Chocolat Tarte de Rue Tatin

Chocolat Tarte de Rue Tatin

The first time that I saw this recipe I just knew that I had to make it some day. It combines two of my favorite things for desserts: tarts and chocolate.

I kept forgetting about the recipe and refinding it when I ended up flipping through the cookbook. The idea of making this has been floating through my head for over a year now. I had finally decided to make it with the extra tart dough from the Meyer Lemon Tart but the dough wasn’t really workable when I removed it from the freezer so I had to discard the tart dough. However, by that point, I had already committed to making it and decided to make a fresh tart dough fo rit.

I’d like to say that it was then a transcendental experience upon eating this after such a wait, but it was merely good. It managed to be chocolately but not overwhelmingly so. The chocolate was at a good intensity and it wasn’t at all sweet. What I really noticed was that the chocolate seemed a bit dry. This is probably because I’m mostly used to chocolate desserts being sweeter than this one.

I should probably confess that we didn’t finish eating the tart.  It wasn’t possible for me to really eat a lot of the tart at once and it was too much chocolate for Angela.  It didn’t help that shortly after I made it I had to travel to the east coast for work.

I would reserve this tart for only the true chocolate lovers.

Diced Chocolat

Chocolat Tarte de Rue Tatin
Adapted from The Great Book of Chocolate

1/3 cup heavy cream
16 oz. bittersweet chocolate, chopped
4 large eggs, at room temperature
one 10″ prebaked tart shell

  1. Preheat the oven to 350ºF.
  2. Warm the heavy cream in a large saucepan until the edges begin to bubble. Remove from the heat.
  3. Stir the chocolate into the heavy cream until the chocolate has completely melted. Allow to cool to room temperature.
  4. Whisk the eggs into the chocolate one at a time.
  5. Pour the chocolate mixture into the pie crust and smooth out as much as possible.
  6. Bake for 15 to 20 minutes or until the filling is set but not too firm.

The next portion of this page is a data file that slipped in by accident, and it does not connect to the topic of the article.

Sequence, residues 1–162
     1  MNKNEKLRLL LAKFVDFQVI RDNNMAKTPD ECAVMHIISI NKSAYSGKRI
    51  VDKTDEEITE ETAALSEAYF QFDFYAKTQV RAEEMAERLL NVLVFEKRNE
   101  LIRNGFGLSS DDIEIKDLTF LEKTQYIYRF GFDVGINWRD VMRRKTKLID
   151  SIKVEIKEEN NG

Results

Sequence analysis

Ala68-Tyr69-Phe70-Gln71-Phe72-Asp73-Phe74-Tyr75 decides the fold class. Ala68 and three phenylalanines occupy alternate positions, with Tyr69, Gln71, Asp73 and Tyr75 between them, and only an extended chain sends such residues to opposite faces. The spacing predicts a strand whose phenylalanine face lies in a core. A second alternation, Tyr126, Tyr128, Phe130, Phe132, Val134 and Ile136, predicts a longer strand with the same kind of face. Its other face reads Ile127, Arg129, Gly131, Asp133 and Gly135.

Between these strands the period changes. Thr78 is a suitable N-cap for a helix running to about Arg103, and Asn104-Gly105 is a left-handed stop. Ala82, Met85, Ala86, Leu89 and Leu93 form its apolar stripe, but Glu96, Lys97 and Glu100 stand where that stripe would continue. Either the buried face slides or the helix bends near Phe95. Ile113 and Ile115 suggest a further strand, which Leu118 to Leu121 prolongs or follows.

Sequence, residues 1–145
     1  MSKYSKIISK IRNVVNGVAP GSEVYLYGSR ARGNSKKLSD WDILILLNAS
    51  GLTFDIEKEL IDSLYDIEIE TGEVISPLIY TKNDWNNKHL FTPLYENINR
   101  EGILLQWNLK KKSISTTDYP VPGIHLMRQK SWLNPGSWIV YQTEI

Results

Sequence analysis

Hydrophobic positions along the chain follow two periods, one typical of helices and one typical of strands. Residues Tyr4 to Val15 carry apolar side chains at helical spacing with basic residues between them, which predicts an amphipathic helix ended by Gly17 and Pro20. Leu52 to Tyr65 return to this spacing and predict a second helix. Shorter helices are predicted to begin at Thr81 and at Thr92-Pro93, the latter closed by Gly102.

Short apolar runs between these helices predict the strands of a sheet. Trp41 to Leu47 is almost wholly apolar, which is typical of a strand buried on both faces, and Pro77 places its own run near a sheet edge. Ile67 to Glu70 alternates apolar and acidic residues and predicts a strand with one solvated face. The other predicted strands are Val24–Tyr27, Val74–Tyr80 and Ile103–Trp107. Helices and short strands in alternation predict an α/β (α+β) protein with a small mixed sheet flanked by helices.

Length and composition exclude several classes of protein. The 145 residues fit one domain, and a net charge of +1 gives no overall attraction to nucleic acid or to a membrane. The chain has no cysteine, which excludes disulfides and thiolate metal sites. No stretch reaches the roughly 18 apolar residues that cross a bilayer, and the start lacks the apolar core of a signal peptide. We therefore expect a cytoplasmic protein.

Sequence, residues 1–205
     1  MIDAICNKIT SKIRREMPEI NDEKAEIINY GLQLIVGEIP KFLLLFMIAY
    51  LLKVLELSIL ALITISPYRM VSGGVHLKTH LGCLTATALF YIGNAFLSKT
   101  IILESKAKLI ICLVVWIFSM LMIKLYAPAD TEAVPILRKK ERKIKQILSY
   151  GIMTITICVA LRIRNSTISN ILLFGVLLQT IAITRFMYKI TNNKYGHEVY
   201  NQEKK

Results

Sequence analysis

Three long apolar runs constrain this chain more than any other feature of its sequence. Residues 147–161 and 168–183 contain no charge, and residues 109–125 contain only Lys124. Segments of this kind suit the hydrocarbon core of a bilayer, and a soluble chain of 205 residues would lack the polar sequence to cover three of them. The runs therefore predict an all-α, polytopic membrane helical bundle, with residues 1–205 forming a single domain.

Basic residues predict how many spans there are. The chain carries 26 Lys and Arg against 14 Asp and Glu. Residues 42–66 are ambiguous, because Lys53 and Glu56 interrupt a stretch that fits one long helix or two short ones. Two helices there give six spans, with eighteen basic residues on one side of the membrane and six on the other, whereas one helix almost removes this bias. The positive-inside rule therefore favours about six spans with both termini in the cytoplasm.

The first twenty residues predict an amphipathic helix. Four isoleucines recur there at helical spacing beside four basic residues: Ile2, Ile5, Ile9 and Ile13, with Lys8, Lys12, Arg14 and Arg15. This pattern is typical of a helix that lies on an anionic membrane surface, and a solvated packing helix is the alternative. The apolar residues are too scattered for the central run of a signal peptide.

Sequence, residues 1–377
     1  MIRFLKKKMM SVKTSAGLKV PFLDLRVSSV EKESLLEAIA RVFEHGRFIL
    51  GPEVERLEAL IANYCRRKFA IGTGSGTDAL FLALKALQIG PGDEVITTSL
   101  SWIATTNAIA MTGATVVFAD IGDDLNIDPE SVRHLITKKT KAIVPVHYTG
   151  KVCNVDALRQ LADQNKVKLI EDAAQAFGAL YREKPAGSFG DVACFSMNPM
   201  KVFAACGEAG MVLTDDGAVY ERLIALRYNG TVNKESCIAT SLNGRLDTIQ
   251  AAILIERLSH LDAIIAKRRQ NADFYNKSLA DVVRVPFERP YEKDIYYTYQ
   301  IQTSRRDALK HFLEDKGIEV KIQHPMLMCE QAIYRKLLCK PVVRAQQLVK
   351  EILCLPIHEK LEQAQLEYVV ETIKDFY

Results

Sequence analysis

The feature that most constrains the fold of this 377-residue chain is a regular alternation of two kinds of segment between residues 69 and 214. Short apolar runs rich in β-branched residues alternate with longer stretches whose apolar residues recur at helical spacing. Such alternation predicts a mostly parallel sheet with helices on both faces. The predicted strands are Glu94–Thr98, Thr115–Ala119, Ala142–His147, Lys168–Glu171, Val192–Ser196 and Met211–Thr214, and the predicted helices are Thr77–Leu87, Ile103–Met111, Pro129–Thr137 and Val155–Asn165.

7. Allow to cool to room temperature and serve with whipped cream.

Makes 10 to 12 servings.


Pâte Sucrée
Adapted from
The King Arthur Flour Baker’s Companion: The All-Purpose Baking Cookbook

1 1/4 cups (5 1/4 oz.) all-purpose flour
1 tsp nonfat dry milk (optional)
1/4 cup sugar
1/4 tsp salt
8 tbsp butter, cold, cut into tablespoons
1 large egg yolk
1 tsp vanilla extract
1 tbsp water

  1. Combine the flour, dry milk, sugar, and salt in the bowl of a food processor fitted with the metal blade. Pulse several times to mix the dry ingredients.
  2. Add the butter and pulse until the mixture resembles coarse crumbs.
  3. Add the egg yolk, vanilla, and water and pulse until the mixture forms a ball.
  4. Remove the dough from the food processor and roll out into a round to fit the tart shell. Place the dough into the tart shell. Prick the bottom of the tart shell multiple times with a fork. Refrigerate the tart dough for at least 30 minutes.
  5. Preheat the oven to 375ºF.
  6. Place a layer of aluminum foil over the tart shell and place pie weights on top of the aluminum foil.
  7. Bake for 10 to 12 minutes or until the crust is set. Remove the aluminum foil and pie weights.
  8. Bake for 6 to 8 minutes or until the crust is browned.

Makes one 9 to 10″ tart shell

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2 Responses to “Chocolat Tarte de Rue Tatin”


  1. 1 Sonia June 21, 2008 at 12:04 am

    hey! i have been reading this blog for about 2 months now, but haven’t left any comments. I read it religiously it seems, great recipes from books.. Since i’ve read your blog, i’ve bought more cook books and had some fun experimenting more cooking at home (i am a professional chef at a country club, so i get little time to cook at home for my special one.)
    i enjoy the realistic flaws that come out of your attempts to cook from cookbooks.. makes me feel not so alone..

    cheers!

  2. 2 Matt June 21, 2008 at 6:26 pm

    Sonia, I’m glad you like the blog. Please feel free to leave as many comments as you like. It’s nice to hear from my readers. It’s also nice that this has led you to cook for fun more often.

    I find your “realistic flaws” comment amusing but mainly because it’s so true. And, what you probably don’t know, is that what’s presented here are the recipes and food that turned out the best. The ones that either didn’t work for me or weren’t that good don’t even make it on here.


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